Urban Workouts for Trail Runners

 

By Rick Morris

 

Trail running will spoil you. You just can beat the pure joy of running on scenic and tranquil trails with their always changing terrain and challenging elevation variations. The wide range of trail surfaces, slope changes and weather conditions present fun but formidable challenges to a trail runner. The most efficient and task specific way to train your body to meet those challenges is through frequent trail running. The problem is that you are probably not able to hit the more extreme and remote trails for training runs as often as you would like. So, you need to make do with training on urban or suburban roads and trails. Here are a few urban training runs you can do that, while not quite as efficient as actual backcountry trail running, they do a good job of training your body for your backcountry runs.

 

 

 

 

 

 

 

 

 

 

 

 

 

 

 

 

 

 

 

 

 

 

 

 

 

 

 

Golf Course Gallop

 

Golf has become a very popular sport. That's something that you can take advantage of as a trail runner. Many golf courses have frequent changes in terrain and elevation that come close to mimics those of a back country trail. That, combined with the soft and less stable grass surface of the golf course makes a golf course gallop a great way to train for trail running. Winter time when the golf courses are closed present a great opportunity to get in some quality training. If you head to your local golf course during golf season try to go before or after the golfers hit the links. Golf courses are dangerous places when the balls are flying around.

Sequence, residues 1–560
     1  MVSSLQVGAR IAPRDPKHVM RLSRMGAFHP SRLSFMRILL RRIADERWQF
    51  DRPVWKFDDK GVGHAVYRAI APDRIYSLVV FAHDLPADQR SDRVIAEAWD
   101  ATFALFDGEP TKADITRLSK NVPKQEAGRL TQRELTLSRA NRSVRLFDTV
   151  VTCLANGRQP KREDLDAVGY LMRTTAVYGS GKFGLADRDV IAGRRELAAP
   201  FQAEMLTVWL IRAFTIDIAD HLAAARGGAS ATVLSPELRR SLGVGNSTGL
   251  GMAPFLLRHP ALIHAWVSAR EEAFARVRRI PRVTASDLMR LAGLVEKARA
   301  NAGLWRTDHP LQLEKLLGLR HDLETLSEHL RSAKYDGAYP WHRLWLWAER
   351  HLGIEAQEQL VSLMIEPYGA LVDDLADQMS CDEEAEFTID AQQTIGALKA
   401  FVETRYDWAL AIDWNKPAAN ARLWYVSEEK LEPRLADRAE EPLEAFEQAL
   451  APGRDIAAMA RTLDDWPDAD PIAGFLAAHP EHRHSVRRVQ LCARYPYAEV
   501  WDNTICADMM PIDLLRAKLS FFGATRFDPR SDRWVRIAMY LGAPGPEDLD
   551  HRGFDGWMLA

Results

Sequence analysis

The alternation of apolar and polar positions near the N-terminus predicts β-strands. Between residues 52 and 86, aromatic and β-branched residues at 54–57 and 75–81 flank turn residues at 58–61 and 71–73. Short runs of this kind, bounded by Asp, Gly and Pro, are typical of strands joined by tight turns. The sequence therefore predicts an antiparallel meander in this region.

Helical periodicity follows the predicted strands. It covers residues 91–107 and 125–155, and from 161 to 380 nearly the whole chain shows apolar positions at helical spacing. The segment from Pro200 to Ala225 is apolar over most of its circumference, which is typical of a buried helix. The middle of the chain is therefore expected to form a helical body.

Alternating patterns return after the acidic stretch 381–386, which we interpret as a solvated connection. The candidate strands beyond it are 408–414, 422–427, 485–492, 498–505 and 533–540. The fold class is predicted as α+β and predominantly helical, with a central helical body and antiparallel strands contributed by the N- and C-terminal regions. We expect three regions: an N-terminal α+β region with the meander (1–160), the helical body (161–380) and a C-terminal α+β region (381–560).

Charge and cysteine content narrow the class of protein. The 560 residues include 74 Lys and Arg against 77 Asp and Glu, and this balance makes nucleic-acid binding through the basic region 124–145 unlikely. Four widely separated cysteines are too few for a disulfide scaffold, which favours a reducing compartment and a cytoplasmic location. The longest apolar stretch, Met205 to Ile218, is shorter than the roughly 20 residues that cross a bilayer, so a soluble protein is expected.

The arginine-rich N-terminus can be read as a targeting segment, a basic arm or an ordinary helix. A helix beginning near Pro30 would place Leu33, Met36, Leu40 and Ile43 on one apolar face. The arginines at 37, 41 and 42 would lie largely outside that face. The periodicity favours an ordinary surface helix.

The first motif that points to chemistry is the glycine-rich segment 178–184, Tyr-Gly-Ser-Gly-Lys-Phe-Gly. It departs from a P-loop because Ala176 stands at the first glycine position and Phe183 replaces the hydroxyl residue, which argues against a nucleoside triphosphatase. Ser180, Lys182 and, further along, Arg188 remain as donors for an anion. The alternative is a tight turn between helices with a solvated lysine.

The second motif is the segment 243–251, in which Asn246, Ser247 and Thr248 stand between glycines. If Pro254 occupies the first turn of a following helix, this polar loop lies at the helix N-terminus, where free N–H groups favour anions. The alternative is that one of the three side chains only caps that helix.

To perform your golf course gallop run between 2 and 6 miles at around tempo pace. You could also to both shorter and longer runs at your easy endurance pace for more relaxed or off day run.

 

Golf Course Repeats

 

The wide open spaces of the golf course make them ideal and tempting locations for your longer tempo and endurance runs, but you can also do some great fast repeats or interval training sessions. Start on hole number one. Run at a very fast pace, between mile and 5K pace, from the tee box to the green. Now jog at a very easy pace to the hole two tee box and run to the second green at a very hard pace. Keep repeating this for your desired number of holes. You could add some variety to this workout by changing your paces. For example run the first hole at mile pace, the second at 10K pace, the third at 5K pace, the fourth at sprint pace... well, you get the idea.

 

Infield Striders

 

The 400 meter track isn't the only place you can run at your area track. Hit the infield for a high quality training run that will help train you for the trails. Warm up with a mile of easy running around the outside of the infield. Now run  an acceleration stride diagonally across the infield. Jog the end line for some recovery and then run another acceleration stride diagonally the other way across the infield. Jog the end line back to your starting point. Keep following that pattern for 6 to 12 total repeats.

 

Park Fartlek

 

Your area park may not be quite the same as a back country trail but it does provide you with a similar, slightly unstable running surface. Go to your local park and do a 20 to 60 minute fartlek run in which you change paces frequently. Not only is the running surface similar to trail running but you will be following the frequent pace changes that are common with back country trail running.

 

Urban Cross Country

 

This one is a fun and unstructured tempo run that you can do nearly anywhere. There aren't many rules to this training run. Just head out and run for between 20 and 90 minutes. Try to run over a variety of surfaces and terrains. Run on some roads, through some fields, up and down any hills you find, through some parks, whatever you can find to add variety to your run. The only rules are to run at tempo pace and don't spend a lot of time on one type of terrain.

 

 

 

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